I believe that if you have decent programming and rational egoless judgment, you should never miss a single rep. I always knew when my last rep is my last rep. Always! Yet I would go for another one because my routine said so. Stupid. Today, I rarely miss a rep. Maybe once a year.

Finally, we arrive at the other big lift – the deadlift. The deadlift is the safest of all three powerlifts. You can just drop the bar and I don’t think there are dead people because of this exercise. Partly, it’s because nobody does it, but who am I to criticize? I no longer deadlift and I am even naturally good at it. I believe this exercise takes much more than it gives back.

The nastiest injuries that can occur from a deadlift are spinal. You can definitely damage your spine when you use poor form, although I’ve done that and I am still fine. However, I was really young and had no previous spinal traumas. Be careful and use good form! Stay away from hitching and lower back bending. {As a side note I have a post on the rounded back deadlift which you can read here.}

If you apply common sense and know your limits, you can definitely avoid potential injuries from squats, bench presses and deadlifts. And if you can avoid injuries from those exercises, you can definitely do the same when it comes to pull-ups, dips, bicep curls…etc.

The fact that weightlifting allows you to program your training makes it a super safe sport. You go to the gym with a pretty clear idea what you are going to do, and usually there aren’t people there trying to tackle you down.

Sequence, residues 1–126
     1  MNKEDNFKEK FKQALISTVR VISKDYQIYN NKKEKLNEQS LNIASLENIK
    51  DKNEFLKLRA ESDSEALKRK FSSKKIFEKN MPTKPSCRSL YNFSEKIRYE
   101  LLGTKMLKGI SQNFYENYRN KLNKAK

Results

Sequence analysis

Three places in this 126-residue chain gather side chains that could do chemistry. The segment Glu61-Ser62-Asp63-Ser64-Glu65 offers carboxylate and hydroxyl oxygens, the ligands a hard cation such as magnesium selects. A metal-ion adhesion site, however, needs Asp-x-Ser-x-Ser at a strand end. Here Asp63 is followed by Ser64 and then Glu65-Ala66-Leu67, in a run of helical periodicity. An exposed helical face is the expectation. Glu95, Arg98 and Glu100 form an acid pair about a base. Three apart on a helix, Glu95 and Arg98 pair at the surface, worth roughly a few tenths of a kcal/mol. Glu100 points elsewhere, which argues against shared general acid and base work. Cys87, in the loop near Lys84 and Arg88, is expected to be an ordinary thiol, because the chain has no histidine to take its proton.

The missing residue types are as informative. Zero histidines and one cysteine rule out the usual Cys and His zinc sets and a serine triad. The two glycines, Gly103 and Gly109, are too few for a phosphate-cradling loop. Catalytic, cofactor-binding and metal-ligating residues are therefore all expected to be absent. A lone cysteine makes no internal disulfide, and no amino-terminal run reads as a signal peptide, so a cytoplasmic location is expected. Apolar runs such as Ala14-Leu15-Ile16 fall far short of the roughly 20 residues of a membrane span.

In other words, most of the variables are determined by the lifter. Consequently, the injury rate has the potential to be really low to non-existent. Of course, if you want to kill yourself, you can still do it, but given the available information for free on the Internet there is no excuse to train like a Neanderthal.

The worst injuries I had were not related to lifting. I was a skateboarder once and that gave me much more pain than lifting. The sport has a much higher risk potential and body damage rate. However, going back much of my troubles were still avoidable to a degree. My injuries go as follows:

– 2 broken bones of the forearm (60 days in cast); #completely avoidable injury;

– broken finger; #this was not my fault I got hit;

– nasty ankle tear; (don’t know how I didn’t completely tear any ligaments) #sudden injury;

– knee cartilage damage that hurts to this day (this was overuse);

– elbow and wrist tendonitis (unrelated to sports);

– Achilles tendonitis (unrelated to sports); #avoidable

I also had a lot of people around me broke many bones. The worst was a completely broken lower leg after a jump. It required something like 6 months of immobilization before the actual rehabilitation could even begin. One of my classmates even tore his knee ligaments from skateboarding 2 times in a row.

With that said, I don’t consider skateboarding anymore dangerous than driving a car or even a bicycle in traffic. Ironically, people don’t stop driving, but feel afraid to do a few squats.